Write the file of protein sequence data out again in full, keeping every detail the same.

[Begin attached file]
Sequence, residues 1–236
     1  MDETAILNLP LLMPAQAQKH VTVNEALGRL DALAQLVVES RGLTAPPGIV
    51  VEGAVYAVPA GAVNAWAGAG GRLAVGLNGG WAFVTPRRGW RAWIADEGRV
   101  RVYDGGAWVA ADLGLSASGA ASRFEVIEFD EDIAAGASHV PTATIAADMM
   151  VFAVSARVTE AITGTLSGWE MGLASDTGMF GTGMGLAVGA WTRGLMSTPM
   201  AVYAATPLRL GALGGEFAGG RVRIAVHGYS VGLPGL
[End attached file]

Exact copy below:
Sequence, residues 1–236
     1  MDETAILNLP LLMPAQAQKH VTVNEALGRL DALAQLVVES RGLTAPPGIV
    51  VEGAVYAVPA GAVNAWAGAG GRLAVGLNGG WAFVTPRRGW RAWIADEGRV
   101  RVYDGGAWVA ADLGLSASGA ASRFEVIEFD EDIAAGASHV PTATIAADMM
   151  VFAVSARVTE AITGTLSGWE MGLASDTGMF GTGMGLAVGA WTRGLMSTPM
   201  AVYAATPLRL GALGGEFAGG RVRIAVHGYS VGLPGL